Joe Mannix is hired by Ellen Gray, whose husband committed suicide in Hong Kong shortly after confessing that he was apparently in over his head in some shady business dealings. When Ellen returns to...
Sam McCloud is a Marshal from a Taos, New Mexico, who takes a temporary assignment in the New York City Police. His keen sense of detail and detecting subtle clues, learned from his experience, enable him to nab unsuspecting criminals despite his unbelieving boss.
Stu Bailey and Jeff Spencer were the wisecracking, womanizing private detective heroes of this Warner Brothers drama. Stu and Jeff worked out of an office located at 77 Sunset Strip in Los ... See full summary »
Efrem Zimbalist Jr.,
Considered one of the most violent television series of its era, "Mannix" followed the adventures of L.A. private eye Joe Mannix, who first worked for a detective agency known as Intertect, which relied heavily on computers and a large network of operatives. In the second season, Mannix opened his own agency, with police widow Peggy Fair working for him as his secretary. Each episode featured plenty of fistfights, car chases and shootouts. Written by
Marty McKee <email@example.com>
Over the eight seasons of the series, Mannix was knocked unconscious 55 times and shot 17 times. See more »
The reel-to-real tape drives seen throughout the series never have read/write heads. Unless a tape drive has a read/write head, the tape that it uses cannot be read or written to by the computer, and thus the tape drive is useless. See more »
"Mannix" is my all-time favorite crime drama. Yes, there is a lot of violence (there seems to be an obligatory fight scene in every show, and it's a wonder Joe Mannix lived through eight seasons), but for those of us who don't care about sifting through a slew of clues to figure out whodunit, this is the show to watch. Except for the computer angle of the first season (which Lucille Ball had eliminated because she didn't think the audience related to it), this show is--unlike most detective shows of its era--free of gimmickry; Mannix is not crippled or blind or fat or bald or old or sloppy. He's just a regular guy (and he's Armenian, by the way) who lives by his wits and his fists.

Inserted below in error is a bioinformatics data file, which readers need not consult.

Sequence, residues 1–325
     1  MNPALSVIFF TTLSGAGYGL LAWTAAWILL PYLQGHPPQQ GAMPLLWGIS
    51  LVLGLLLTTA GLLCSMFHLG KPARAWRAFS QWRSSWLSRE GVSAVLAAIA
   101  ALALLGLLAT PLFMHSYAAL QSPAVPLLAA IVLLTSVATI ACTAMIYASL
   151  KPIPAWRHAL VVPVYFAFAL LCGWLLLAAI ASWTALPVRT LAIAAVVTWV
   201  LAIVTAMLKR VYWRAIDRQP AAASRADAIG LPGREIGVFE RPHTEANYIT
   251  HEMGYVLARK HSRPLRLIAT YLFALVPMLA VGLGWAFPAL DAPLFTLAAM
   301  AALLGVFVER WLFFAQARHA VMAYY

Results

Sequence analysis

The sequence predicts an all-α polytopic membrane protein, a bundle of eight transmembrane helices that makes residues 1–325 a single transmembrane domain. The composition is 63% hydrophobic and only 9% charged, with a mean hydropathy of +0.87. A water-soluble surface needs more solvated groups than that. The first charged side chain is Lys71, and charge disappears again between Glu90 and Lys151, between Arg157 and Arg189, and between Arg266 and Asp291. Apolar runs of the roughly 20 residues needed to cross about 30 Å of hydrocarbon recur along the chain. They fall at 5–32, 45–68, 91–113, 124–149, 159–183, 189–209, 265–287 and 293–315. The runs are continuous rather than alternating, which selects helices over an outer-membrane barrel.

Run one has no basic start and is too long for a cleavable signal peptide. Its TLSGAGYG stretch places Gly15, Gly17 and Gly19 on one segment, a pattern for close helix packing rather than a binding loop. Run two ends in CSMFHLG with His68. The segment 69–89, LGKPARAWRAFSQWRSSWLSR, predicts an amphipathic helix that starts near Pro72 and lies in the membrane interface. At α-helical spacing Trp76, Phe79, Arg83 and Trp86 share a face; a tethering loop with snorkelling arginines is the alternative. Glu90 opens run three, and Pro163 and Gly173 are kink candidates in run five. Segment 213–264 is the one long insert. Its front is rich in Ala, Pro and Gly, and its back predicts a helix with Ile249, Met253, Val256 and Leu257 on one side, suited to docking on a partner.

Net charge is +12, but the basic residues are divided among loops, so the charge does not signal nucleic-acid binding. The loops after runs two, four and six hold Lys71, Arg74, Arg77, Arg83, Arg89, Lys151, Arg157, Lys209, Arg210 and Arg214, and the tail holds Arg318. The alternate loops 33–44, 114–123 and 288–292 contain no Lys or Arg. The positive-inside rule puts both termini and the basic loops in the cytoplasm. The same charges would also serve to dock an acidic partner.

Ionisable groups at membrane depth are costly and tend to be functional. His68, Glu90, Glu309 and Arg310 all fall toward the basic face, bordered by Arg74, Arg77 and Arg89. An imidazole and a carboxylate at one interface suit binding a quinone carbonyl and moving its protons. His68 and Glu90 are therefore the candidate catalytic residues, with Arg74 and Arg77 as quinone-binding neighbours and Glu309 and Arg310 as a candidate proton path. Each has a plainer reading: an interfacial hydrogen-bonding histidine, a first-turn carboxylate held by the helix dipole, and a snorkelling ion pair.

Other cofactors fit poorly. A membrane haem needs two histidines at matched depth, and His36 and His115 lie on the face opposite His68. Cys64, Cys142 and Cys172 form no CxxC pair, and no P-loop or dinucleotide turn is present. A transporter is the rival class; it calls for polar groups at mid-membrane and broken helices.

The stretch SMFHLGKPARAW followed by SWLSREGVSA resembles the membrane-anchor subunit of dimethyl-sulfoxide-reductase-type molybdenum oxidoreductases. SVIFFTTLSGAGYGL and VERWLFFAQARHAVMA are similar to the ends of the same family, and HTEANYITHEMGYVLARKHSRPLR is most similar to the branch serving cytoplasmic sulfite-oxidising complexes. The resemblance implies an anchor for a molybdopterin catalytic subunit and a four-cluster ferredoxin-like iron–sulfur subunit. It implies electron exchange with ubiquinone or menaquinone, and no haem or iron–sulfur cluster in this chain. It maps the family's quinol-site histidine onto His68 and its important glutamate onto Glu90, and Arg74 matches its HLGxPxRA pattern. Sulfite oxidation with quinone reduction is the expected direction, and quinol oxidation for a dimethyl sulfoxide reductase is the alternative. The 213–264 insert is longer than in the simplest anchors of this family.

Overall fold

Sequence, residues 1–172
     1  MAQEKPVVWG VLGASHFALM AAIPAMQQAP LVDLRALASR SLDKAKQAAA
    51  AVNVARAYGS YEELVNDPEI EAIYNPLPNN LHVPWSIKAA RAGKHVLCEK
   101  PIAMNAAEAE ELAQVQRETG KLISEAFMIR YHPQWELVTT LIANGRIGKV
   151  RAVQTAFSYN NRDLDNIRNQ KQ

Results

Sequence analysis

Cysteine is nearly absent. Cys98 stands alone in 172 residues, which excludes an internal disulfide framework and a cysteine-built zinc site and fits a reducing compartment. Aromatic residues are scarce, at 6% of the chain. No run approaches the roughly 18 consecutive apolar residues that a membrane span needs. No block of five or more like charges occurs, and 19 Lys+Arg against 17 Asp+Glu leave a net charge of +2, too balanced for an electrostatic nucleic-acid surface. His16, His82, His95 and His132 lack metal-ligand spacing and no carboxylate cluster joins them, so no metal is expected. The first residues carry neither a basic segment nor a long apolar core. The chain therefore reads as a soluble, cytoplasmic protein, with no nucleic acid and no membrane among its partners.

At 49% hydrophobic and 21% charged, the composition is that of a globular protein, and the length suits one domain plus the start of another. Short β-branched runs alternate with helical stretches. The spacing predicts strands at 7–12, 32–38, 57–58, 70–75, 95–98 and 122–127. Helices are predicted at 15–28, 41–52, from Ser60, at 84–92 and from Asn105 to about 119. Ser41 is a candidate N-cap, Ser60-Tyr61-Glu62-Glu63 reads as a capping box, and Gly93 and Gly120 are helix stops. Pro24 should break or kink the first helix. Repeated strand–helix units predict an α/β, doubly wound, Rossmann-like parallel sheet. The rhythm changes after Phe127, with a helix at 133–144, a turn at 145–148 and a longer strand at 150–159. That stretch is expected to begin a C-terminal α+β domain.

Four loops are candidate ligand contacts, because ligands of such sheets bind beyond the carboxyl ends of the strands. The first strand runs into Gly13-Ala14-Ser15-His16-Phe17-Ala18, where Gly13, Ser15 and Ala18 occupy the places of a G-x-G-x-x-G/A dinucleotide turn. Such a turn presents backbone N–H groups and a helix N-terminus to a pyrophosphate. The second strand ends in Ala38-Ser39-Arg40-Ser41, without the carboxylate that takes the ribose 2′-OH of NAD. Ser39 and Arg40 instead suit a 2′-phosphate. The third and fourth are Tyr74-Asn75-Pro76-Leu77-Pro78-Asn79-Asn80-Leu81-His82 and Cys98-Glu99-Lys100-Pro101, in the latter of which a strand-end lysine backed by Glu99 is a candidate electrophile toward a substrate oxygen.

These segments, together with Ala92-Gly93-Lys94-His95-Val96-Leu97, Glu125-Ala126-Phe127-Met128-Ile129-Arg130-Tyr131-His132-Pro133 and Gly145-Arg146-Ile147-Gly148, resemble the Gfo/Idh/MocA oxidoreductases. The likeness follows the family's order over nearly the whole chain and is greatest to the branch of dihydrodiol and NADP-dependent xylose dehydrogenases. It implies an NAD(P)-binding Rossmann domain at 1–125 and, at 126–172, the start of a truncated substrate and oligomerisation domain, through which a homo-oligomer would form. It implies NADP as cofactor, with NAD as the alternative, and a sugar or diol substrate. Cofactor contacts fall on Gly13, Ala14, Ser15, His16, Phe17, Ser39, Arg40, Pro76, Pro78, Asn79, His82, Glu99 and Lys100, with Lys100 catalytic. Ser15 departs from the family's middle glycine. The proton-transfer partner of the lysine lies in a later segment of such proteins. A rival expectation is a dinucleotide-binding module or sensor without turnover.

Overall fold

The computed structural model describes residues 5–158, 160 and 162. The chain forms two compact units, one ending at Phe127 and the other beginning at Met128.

An added plus is Gail Fisher as Mannix's secretary Peggy Fair. True, she gets kidnapped a lot but she's also a lot of help to Mannix and it's also admirable that the show makes no big deal about the fact that she's African-American. She's a secretary, period.
Ward Wood and Robert Reed add extra flavor as Mannix's contacts on the LAPD, Lts. Art Malcolm and Adam Tobias, respectively. Reed, who was doing "The Brady Bunch" at the same time, often said he preferred doing this show to the sitcom.
And never to be forgotten are the split-screen graphics and that great Lalo Schifrin theme song which I find myself humming from time to time.
"Mannix" shows up occasionally on Cloo; I wish they'd show it more often.
5 of 7 people found this review helpful.
Was this review helpful to you?